Another reader of the Canadian Budget Binder blog asked the question, “Do I have to Share my RRSP with my Spouse When I get Divorced”? In Ontario there is the Family Law Act. In simple terms all property acquired after the date of marriage, up until the time of marriage breakdown is deemed to be the property of both parties. The ownership of the property is not a factor. So in short each person is entitled to 50% of the total family property. There are certain exceptions like the family home that was brought into the relationship or received as a gift or inheritance. However to keep things simple we will ignore this. RRSP’s, Stocks, Bonds, Pensions, are all subject to being included under Family Law. So if one spouse had a significant RRSP and the other nothing then the spouse with nothing would be entitled to 50% of the spouse’s RRSP. Note: the courts adjust the value of the RRSP down, by the amount of withholding tax that would be payable if the RRSP were cashed in. So the figure used is less than fair market value of the RRSP. To understand this fully the courts ask each person […]

Canadian Budget Binder-The Saturday Weekend Review #2

Mr.CBB’s  Saturday Weekend Review Saturday comes so fast and for some it’s the weekend of fun and pleasure and for others like me it’s a bit of both work and pleasure.  With Hurricane Sandy in the midst we brace for a wet weekend and upcoming week. Canadian Hurricane Centre says we won’t see the worst of  Sandy until next week when it hits us in Ontario. Lots of rain already, and it still keeps on coming. This past week I was back in the yard hopefully for the last clean up of the year. You know when you get your lawn looking just right, no leaves then a gale of wind comes and dumps another load. Well, that’s how my lawn looked a couple of days after all the work I did the previous week. Meh, I’m never going to get through my to-do list but at least I’m doing it. The Welfare Food Challenge is over but The Grocery Game Challenge I hold each Tuesday is still on. We continue to eat some amazing food here in the CBB home that doesn’t cost alot out-of-pocket like ginger lemon mushroom chow mein noodles topped with lemon pepper fish. Keep checking in each Sunday as I […]

Reader Question:Is It Savvy To Cash In My RRSP’s To Pay Off Debt?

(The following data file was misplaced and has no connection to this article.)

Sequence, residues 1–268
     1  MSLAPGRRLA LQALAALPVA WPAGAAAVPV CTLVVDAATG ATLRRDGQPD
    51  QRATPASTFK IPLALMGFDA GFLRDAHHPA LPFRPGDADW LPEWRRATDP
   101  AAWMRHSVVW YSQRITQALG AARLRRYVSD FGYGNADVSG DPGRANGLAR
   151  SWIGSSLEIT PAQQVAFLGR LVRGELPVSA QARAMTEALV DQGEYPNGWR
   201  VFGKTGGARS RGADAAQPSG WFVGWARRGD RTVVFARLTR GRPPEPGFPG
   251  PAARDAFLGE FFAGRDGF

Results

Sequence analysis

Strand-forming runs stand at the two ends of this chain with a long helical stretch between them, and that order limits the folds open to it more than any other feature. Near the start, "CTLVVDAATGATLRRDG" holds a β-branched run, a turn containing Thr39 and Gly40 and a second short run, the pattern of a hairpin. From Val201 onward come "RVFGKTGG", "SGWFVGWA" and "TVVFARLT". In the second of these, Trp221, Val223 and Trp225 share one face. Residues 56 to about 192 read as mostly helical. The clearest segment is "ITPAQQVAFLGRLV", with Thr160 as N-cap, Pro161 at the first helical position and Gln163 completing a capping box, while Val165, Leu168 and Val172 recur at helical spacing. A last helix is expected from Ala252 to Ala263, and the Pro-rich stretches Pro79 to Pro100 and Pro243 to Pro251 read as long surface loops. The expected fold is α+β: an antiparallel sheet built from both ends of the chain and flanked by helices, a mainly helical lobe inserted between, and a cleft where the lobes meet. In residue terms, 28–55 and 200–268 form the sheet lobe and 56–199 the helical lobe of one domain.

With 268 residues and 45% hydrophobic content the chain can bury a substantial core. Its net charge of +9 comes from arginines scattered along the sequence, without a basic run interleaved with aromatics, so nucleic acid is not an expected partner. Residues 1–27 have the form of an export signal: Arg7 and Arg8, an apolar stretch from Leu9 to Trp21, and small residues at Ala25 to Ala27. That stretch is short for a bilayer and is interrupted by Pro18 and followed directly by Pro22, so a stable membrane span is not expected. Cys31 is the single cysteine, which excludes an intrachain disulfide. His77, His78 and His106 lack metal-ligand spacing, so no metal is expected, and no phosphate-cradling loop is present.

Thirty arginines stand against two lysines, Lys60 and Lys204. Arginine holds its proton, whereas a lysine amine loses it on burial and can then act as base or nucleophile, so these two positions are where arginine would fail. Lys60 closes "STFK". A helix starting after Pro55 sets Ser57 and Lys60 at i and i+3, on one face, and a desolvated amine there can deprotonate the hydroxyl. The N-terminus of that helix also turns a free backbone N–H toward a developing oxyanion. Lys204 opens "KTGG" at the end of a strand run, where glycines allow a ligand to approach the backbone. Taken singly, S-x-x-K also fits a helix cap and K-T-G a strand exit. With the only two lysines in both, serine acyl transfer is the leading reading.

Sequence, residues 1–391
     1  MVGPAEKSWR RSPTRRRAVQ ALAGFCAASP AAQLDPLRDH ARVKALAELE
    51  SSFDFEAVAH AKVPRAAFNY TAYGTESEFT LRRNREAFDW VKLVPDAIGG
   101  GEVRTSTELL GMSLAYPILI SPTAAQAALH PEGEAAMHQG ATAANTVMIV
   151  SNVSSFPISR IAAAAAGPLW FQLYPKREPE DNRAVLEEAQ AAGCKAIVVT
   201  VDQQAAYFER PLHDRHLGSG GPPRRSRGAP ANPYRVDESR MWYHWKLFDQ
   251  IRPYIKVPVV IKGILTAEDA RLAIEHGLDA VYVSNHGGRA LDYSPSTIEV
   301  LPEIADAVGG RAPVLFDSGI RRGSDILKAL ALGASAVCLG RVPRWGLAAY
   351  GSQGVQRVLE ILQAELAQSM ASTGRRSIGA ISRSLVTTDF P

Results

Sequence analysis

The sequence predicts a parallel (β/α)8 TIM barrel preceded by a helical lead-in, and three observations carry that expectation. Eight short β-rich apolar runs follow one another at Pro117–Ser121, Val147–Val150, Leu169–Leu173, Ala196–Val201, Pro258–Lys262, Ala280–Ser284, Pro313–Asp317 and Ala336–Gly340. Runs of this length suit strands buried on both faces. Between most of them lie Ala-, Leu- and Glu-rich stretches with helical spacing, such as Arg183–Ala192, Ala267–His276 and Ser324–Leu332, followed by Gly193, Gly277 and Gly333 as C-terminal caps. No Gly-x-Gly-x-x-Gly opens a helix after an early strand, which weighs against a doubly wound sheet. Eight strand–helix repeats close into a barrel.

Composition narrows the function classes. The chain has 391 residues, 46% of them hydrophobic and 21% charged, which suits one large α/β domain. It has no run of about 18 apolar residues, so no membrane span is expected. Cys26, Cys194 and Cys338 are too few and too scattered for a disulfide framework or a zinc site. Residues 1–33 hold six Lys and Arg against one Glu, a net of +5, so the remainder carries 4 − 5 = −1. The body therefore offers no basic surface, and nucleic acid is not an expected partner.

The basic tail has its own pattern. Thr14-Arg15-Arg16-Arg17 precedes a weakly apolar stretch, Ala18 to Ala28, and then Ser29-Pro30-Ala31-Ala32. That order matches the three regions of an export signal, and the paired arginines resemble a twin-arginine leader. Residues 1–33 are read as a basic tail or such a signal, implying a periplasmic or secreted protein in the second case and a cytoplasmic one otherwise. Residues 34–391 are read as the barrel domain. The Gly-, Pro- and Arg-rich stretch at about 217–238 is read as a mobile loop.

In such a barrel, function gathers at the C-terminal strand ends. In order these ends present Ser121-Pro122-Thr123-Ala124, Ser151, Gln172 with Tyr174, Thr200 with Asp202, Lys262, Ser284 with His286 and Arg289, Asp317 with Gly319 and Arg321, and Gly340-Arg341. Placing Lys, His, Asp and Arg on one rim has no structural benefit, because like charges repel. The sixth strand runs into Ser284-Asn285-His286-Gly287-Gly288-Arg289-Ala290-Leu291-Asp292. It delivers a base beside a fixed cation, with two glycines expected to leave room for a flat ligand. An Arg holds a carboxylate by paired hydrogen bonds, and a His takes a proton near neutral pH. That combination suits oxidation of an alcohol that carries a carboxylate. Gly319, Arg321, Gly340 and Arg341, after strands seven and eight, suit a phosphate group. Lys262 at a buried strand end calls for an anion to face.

A Reader Question about whether it was savvy to cash in an RRSP to pay off Debt was submitted to Canadian Budget Binders Ask Mr.CBB. He forwarded it to me to share my opinion on this topic with all of you. My short answer is that it depends. There are several factors to consider: The age of the person The withholding tax on the funds withdrawn on the RRSP The amount of debt and its’ interest rate The type of investment held in the RRSP The opportunity cost of the withdrawal To keep things simple let me say if you are doing this and are under 30 then it might not be a bad thing. At older ages you have a shorter accumulation period and time and the magic of compound interest work against you. I have always maintained that paying off debt is one of the best investments someone can make. Let’s say you’re carrying a credit-card balance of $1,000 with 18 percent simple annual interest. That’s $180 a year in charges. Pay off that debt and you’ve saved $180. That’s the same as investing $1,000 in something that earns an 18 percent return after tax. Tax Withholding Rates […]

Mr. CBB’s Weekly Blog Post Picks Sept 14,2012

Mr.CBB’s Week in Review Wow, did I read alot of blog posts this week in my spare time. (Ya, spare time) This week has been super busy for me training at work with new equipment and programs. I’m sure I will be doing this the rest of my life and I should for my line of work. Sometimes I wonder if people get too comfy in their jobs and no longer want to upgrade or keep above or at equal playing fields with those coming out of University and College or other colleagues. Many believe these young kids are going to come in and swoop positions in the company right from under the noses of those that have been with an organization many years. So for those that believe that education ends when you get your diploma you must ask yourself  “Will I evolve with the world” or “Will the world evolve around me”. You can be a specialist one day but if you don’t keep up with the “new” you may find that the “old” just doesn’t work any more. If you are out of work, laid off or terminated and you don’t have the upgraded skills you may be at […]

Reader Question: RRSP’s-The Need To Know Basics

RRSP’s-The Need to Know Basics Reader Question: I want to save for retirement. Where is the best place to save for this? I have been told NOT to use RRSP. Can you help? Saving for retirement is a good thing and RRSP’s (Registered Retirement Savings Plans) are a popular tool for doing so. I don’t know the client’s age or his/her income so this answer is predicated on the fact that the client has several months of income in an emergency fund.  An emergency fund is a base component of proper planning and should be done before making any RRSP contributions. Also, it assumes the client is making more than $40,000 in income per year, as incomes under $40,000 don’t benefit much from tax savings on RRSP contributions. Below I will try to define some of the Basics of RRSP’s and also illustrate some of the long-term advantages. When Did RRSP’s Begin? RRSP’s first came into existence in 1957 as a government supported effort to help Canadians save for their retirement. Types of RRSP’s There are broadly speaking three main types of RRSP’s Individual RRSP-where the contribution is made in your name and held in your name. Spousal RRSP– The […]